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    Excerpt from “Bright Lights, Dark Shadows”

    Posted by Charles Gray on June 9, 2016

    A writer’s work is never done, and so here’s an excerpt from the next book in the Guardian’s series, “Bright Lights, Dark Shadows.”  Our intrepid pair of teens have made it to Los Angeles, and even in the depths of the Great Depression, the lights of Hollywood shine very brightly indeed… and cast dark, dark shadows. There’s magic afoot in Tinsel Town, and it isn’t Tara’s… but it is lethal.

     

    “It was a working of some sort,” Tara muttered in their room as she flipped through her notes. “It… I’m not certain what type. Oh,  Six Underworlds, if I’d only had my books with me when I fell through!” She ran one hand through her unbound hair, a quick, frustrated moment.

    “It looked like he was dissolving,” Michael said. “That, and he was getting older.”

    “Yes,” Tara muttered, “but it doesn’t make any sense.

    “What do you mean?”  Michael asked, moving a stack of reference books off of the stool. Perching on it, he looked over Tara’s shoulder at her notes, some in English, some in her own language, with diagrams and symbols scattered liberally throughout.

    “Remember? I felt his death, and the working from almost a block away. It wasn’t subtle… it was… it was like murdering a man with a sword in the middle of a market!”  She flipped through another notebook. “If they were trying to murder that poor man, why use a method that was so… obvious!”

    “Tara,” Michael said, “I think you’re forgetting something.”

    Tara looked back at him, her green eyes annoyed. “No, I know what I felt. It was obvious—”

    “—To you.”  Michael cut her off as he gestured at her notes. “Because you can do magic. I didn’t feel anything weird, and I bet nobody else did either… except for you, and whoever killed that poor guy.”

    Tara frowned, staring at her notes.  Michael didn’t say anything.  They’d only been together for a month, but he knew that expression. Tara was thinking and right now she didn’t need anyone else to interrupt her.

    “Okay,” she finally said. “Let’s assume you’re right. Then why would they use magic so publicly?Tara gestured, her hand taking in the walls of the room and by extension the city beyond. “Your police aren’t stupid and this was unusual.  Even presuming they don’t believe it was a criminal act, it would certainly attract attention.”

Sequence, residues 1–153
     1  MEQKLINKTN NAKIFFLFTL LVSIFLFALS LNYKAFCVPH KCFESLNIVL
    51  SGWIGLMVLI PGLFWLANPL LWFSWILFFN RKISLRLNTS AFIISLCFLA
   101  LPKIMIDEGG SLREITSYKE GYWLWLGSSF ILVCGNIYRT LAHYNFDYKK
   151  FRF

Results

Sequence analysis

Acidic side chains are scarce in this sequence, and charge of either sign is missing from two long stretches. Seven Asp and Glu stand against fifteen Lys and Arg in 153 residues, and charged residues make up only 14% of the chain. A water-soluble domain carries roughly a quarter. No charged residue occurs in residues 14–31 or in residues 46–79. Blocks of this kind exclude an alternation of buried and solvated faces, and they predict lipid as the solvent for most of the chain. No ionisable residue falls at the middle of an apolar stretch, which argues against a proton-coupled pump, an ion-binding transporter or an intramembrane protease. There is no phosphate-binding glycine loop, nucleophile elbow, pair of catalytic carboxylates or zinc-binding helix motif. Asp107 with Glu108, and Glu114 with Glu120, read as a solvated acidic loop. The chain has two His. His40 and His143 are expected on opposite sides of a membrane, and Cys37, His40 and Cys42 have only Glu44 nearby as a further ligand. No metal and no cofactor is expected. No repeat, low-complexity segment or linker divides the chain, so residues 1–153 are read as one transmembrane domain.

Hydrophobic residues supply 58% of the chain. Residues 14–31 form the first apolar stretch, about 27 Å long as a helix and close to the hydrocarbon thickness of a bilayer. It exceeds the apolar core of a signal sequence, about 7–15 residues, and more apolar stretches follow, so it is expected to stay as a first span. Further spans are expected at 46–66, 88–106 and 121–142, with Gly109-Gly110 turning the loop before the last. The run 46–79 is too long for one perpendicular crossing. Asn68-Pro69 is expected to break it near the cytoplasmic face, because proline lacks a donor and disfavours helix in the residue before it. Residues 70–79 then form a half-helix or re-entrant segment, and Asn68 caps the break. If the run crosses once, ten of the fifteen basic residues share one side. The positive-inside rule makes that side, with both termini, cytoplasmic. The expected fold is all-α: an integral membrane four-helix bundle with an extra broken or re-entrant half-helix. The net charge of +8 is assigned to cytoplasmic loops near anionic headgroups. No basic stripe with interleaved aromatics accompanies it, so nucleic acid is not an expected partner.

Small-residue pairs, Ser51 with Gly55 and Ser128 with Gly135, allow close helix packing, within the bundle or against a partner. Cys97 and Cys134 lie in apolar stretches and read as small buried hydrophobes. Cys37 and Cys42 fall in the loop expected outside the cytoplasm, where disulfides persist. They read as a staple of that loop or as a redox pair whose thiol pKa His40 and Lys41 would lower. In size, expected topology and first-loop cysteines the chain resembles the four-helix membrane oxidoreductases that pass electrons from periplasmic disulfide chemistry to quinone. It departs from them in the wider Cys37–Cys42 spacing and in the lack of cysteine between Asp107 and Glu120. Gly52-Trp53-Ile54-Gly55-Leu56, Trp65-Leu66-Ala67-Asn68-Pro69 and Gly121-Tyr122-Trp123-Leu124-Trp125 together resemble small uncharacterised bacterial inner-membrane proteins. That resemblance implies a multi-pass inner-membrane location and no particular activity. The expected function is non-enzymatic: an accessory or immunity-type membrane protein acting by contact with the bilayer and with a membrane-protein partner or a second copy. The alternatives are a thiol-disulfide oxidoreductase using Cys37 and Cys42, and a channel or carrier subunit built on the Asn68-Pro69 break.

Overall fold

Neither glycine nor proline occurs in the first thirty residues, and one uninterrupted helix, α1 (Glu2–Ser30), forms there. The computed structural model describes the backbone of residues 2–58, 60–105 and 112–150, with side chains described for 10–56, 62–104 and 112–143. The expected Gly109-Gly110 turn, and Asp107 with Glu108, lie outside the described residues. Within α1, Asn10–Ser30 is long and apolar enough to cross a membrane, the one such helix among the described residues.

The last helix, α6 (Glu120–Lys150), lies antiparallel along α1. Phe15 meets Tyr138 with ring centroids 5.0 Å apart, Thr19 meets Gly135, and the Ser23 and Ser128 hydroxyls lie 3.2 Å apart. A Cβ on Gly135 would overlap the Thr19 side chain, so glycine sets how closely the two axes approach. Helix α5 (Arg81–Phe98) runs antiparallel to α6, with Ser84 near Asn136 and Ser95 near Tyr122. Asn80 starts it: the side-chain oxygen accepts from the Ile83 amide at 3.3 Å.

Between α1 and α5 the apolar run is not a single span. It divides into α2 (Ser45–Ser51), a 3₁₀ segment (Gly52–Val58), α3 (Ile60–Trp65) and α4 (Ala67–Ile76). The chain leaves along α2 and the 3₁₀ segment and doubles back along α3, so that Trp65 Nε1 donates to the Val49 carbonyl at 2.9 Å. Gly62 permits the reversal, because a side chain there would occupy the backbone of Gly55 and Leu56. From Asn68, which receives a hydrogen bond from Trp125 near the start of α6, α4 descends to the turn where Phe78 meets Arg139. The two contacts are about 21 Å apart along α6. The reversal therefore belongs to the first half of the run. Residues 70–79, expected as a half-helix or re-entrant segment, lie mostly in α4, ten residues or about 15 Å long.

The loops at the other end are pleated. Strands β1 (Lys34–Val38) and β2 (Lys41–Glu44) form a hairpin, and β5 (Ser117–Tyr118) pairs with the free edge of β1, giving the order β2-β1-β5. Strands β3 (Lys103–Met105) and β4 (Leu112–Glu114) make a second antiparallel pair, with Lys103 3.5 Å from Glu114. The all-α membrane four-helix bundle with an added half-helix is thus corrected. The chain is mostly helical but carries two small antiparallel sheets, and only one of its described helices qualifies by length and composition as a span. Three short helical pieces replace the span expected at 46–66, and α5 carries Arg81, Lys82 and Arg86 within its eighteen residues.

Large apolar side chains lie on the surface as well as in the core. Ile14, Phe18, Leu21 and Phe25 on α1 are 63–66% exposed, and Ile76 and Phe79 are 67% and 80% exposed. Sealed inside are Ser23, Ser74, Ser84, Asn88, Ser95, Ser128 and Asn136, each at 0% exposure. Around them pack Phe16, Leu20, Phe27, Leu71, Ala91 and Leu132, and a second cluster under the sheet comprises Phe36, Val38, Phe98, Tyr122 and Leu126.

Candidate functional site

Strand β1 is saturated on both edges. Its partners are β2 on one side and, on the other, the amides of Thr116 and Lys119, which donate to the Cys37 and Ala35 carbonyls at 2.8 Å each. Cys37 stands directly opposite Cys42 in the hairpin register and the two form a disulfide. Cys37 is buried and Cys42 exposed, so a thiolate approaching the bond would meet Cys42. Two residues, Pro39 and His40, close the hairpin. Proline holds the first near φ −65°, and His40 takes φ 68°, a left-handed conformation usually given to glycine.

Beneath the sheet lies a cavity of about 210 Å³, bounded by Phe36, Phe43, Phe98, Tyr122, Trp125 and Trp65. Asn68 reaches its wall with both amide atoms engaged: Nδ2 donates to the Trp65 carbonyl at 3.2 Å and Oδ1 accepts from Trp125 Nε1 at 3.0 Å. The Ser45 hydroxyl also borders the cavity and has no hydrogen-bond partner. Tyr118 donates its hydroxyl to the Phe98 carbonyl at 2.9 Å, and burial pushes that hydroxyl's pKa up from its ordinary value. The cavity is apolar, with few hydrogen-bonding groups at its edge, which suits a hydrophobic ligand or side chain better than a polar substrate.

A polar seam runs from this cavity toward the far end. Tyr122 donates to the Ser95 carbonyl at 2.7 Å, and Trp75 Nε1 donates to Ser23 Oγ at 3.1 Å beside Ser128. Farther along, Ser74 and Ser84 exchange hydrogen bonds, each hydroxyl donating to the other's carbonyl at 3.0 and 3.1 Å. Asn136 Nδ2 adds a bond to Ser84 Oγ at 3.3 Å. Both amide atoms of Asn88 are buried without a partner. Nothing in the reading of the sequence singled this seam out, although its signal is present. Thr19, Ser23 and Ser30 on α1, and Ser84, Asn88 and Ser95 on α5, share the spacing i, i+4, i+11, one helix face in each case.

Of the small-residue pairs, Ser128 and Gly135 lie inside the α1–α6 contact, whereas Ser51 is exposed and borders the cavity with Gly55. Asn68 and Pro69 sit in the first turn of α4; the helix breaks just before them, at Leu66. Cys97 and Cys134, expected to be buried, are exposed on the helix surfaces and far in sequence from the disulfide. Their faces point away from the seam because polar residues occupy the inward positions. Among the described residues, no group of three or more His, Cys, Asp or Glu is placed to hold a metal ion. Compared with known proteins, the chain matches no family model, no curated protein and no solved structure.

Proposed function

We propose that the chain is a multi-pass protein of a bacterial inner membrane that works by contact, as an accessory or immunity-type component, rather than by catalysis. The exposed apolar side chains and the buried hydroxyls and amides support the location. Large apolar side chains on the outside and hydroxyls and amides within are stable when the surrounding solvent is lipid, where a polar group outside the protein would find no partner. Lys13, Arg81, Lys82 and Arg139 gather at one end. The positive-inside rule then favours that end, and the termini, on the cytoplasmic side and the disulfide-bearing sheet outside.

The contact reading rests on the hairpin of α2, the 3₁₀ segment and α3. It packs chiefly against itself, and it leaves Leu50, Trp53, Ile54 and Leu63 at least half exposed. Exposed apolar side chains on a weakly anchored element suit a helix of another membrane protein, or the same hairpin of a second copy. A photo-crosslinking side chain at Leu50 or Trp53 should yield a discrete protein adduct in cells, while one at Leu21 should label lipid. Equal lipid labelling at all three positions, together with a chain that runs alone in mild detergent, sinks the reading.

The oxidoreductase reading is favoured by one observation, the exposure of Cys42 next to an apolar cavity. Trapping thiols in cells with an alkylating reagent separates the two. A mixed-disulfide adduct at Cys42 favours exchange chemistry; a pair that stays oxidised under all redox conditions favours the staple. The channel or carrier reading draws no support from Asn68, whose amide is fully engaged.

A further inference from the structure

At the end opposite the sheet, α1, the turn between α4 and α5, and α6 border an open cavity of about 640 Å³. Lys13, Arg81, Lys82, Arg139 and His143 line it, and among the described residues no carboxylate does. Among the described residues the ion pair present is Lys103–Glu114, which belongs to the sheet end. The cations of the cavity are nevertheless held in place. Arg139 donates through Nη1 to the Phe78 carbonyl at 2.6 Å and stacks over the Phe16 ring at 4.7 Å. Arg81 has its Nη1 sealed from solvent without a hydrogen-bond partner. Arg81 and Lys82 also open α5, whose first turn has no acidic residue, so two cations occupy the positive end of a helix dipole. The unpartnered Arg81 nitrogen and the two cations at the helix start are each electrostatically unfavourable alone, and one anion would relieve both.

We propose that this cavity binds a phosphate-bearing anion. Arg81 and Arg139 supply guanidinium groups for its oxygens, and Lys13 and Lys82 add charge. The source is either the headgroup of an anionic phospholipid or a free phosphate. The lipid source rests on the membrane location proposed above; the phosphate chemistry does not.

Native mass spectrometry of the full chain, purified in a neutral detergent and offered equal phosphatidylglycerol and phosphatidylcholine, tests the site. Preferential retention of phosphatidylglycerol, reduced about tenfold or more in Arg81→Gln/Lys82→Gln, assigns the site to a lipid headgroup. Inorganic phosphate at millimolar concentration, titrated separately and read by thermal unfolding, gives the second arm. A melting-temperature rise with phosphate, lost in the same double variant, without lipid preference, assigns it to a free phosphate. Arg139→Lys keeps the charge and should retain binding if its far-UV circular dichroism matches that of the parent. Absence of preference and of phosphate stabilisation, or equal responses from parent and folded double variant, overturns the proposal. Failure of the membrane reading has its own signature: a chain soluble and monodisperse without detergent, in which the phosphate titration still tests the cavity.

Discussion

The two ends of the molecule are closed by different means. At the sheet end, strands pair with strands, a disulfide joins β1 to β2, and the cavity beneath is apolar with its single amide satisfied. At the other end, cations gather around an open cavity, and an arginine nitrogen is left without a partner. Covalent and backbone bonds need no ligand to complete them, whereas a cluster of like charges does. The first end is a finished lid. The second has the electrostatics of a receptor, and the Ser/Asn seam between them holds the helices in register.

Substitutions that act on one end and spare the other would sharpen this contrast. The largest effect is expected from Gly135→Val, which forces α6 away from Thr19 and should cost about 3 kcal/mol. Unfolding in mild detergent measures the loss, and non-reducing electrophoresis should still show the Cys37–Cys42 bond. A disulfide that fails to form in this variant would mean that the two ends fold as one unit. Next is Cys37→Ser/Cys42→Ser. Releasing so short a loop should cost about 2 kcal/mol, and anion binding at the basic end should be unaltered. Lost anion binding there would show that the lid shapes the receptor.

“Yeah, I bet it’ll be on the front page tomorrow,” Michael told his friend. “But Tara, maybe this was an accident? He was trying to get to someone or talk to them…”

    “Or it was a miscast working…” Tara muttered to herself.

    “We need to find out,” Michael said.

    “Oh? What happened to keeping our heads down?” Tara asked with a smile.

    “Well, if you could see that they were working magic, couldn’t they…” Michael let his voice trail off as he held up one of the paper ads for the magic show.

    “Oh.” Tara stared at the ad and then muttered something in her own language.  From the number of consonants, Michael figured it was a curse-word.

    That and the fact that Tara blushed after she said it.

    “You’re right,” she finally said. “I really didn’t worry about someone who was magically skilled finding out that I was using workings and rituals. I didn’t even think there would be anyone like that.”

    “And they may be killers,” Michael pointed out. The teen looked grim. “I really think we need to find out who they are.”

    “The newspaper will report his name, yes?” Tara asked. “Or we could go to the police station and…”  she shook her head. “A pair of teenagers asking about a mysterious death…”

    “They’d chase us out, at best,Michael said with a wince. “At worst they might think we had something to do with it, and you know we really don’t need to get a lawman interested in us.”

    “Yes.  And whoever made the working might also be watching…”  Tara nodded. “Yes. We can just find out his name from the newspaper, and work from there.” Tara fell silent for a moment, then shook her head. “I had hoped that I wasn’t going to be involved in anything like this ever again…not after the swamp.”

    Michael put his arm around her. “You did your best,” he told her. And I won’t say it wasn’t your fault, because you’ll never, ever, believe that. “But who knows, maybe it was just an accident and we can help make certain it doesn’t ever happen again.”

    Tara reached up and patted his hand with her own, the fake wedding ring gleaming in the light.

    “Maybe,” she said. “Maybe you’re right.”

    But she didn’t sound like she believed it.

    If I’m lucky and the gods of writing are kind, this should be out by the end of August…but don’t hold me to that!

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